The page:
FEP3301: Computational Game Theory

Course description

The course focuses on the areas of game theory that are most relevant for engineering applications.


Upon completion of the course, the students will be able to differentiate between the most important game theoretic models of multi-agent decision making. The students will be able to formaluate game-theoretical models of problems that involve more than one decision making entity. They will be able to use the models and methods covered in the course to solve problems. The students will obtain the knowledge to develop a critical understanding of the research literature in the area.

Course structure

The course consists of 9 lectures of 90 minutes each.
Additionally, there will be 2-4 student presentation sessions of 2-4 hours each (4 presentations/session) spread out over the period. The presentation topics will be related to the topics of the preceeding lectures. The exact number of student presentation sessions will be set upon course start, once the approximate number of course participants is known.
Four homework assignments will have to be handed in and corrected, one every two weeks.

Topics covered

  • Representations of games, basic concepts
  • Equilibria, existence and learning to play equilibria
  • Submodular and potential games
  • Games with imperfect/incomplete information
  • Extensive games, Repeated games, Folk theorems, Stochastic games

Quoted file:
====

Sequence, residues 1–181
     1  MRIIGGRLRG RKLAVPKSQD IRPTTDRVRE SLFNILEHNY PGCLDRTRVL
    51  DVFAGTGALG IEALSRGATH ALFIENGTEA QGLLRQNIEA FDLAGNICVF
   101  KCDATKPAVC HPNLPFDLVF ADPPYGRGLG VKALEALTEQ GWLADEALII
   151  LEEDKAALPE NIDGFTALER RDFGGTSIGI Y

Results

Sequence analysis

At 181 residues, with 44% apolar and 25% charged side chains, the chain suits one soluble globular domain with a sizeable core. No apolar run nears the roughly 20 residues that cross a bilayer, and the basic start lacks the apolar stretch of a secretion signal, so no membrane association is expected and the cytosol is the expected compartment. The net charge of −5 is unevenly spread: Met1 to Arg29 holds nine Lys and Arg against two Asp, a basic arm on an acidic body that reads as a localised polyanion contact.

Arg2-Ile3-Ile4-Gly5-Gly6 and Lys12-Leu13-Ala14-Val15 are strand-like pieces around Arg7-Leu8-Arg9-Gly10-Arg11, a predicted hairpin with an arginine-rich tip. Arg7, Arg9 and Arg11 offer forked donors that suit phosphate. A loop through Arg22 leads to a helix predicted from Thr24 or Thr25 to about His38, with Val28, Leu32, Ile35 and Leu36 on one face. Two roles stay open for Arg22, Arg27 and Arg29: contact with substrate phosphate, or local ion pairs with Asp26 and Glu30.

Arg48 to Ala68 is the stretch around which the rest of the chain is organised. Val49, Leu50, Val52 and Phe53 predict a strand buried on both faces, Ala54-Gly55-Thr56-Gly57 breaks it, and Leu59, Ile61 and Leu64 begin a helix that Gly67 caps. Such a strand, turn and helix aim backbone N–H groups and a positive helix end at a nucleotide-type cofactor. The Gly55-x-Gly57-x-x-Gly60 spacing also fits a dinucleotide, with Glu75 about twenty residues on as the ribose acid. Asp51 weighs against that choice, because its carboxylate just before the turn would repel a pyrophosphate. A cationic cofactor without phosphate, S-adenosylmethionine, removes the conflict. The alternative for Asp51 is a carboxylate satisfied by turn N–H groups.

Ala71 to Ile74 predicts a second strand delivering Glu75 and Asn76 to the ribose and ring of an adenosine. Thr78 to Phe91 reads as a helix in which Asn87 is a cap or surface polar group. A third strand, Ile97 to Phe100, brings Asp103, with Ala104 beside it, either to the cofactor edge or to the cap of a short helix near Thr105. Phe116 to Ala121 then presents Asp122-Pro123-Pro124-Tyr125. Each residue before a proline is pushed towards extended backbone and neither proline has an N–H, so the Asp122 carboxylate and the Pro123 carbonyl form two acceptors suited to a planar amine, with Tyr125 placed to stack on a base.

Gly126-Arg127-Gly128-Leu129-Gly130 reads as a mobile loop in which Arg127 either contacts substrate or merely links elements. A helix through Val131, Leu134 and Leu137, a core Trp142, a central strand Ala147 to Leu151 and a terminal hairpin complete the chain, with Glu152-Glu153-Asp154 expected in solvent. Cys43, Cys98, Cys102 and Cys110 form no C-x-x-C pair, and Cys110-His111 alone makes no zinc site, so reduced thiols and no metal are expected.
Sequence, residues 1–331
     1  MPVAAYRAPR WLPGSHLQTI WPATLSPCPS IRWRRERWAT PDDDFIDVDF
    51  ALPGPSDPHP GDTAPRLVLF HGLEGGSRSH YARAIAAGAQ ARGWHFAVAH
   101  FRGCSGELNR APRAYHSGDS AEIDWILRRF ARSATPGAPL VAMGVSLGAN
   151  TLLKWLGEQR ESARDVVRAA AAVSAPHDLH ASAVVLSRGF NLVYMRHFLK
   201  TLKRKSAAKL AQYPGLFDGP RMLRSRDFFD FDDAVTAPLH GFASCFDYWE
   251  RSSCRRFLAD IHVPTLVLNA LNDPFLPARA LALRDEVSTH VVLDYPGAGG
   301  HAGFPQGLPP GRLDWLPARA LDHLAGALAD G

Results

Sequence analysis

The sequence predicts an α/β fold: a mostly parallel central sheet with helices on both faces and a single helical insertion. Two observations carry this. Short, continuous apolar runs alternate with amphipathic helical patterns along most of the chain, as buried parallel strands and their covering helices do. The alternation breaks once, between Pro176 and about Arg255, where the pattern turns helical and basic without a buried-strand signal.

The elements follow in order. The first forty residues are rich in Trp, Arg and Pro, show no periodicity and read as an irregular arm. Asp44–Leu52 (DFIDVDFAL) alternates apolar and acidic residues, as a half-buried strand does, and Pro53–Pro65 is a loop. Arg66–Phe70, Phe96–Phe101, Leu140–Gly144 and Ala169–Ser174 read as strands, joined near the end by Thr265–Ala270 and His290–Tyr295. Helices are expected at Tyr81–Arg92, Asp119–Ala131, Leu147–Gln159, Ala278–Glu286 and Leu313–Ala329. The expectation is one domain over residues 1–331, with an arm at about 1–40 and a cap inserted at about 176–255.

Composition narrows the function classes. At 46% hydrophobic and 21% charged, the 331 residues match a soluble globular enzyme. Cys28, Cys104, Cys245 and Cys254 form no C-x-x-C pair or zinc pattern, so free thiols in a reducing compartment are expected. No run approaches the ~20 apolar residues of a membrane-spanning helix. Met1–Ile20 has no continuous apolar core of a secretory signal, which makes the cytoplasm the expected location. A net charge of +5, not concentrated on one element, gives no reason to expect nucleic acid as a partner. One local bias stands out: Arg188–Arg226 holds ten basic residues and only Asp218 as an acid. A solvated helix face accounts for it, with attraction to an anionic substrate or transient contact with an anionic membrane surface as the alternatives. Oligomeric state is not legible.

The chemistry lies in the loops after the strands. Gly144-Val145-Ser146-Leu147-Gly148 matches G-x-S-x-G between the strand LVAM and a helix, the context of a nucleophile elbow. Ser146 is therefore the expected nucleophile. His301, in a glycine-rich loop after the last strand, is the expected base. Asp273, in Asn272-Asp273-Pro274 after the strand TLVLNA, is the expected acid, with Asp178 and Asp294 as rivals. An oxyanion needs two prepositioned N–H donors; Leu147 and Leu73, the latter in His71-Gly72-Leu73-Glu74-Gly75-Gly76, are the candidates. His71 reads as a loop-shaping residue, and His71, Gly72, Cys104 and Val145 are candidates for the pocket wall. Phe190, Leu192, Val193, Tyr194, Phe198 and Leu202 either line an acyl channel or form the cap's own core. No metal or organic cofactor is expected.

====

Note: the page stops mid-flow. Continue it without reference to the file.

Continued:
• Evolutionary games
  • Coalition games
  • Implementation theory and mechanism design


Lecture notes will be available on the course home page. A list of relevant research and overview articles will be provided.

Parts of the course topics are covered in
M. J. Osborne, A. Rubinstein, .Course in Game Theory., MIT Press, Cambridge, Mass., 1994

Requirements for 8 ECTS credits

  • Active participation on the lectures. Attendance at the lectures is compulsory. Please notify the course instructor if you are not able to attend a lecture.
  • Submission of the solutions to the home assignments and correction of a fellow student's home assignment based on the solution guide.
  • Oral presentation of a paper (15+5 mins) in a topic related to the course contents and to own research area (by preference).


Grading is P/F. Grading is based on home assignments, the presentation and a take-home exam. The home assigments and the take-home exam are worth 65 points in total. The oral presentation is worth 10 points. You will need 55 points out of 75 to pass the course.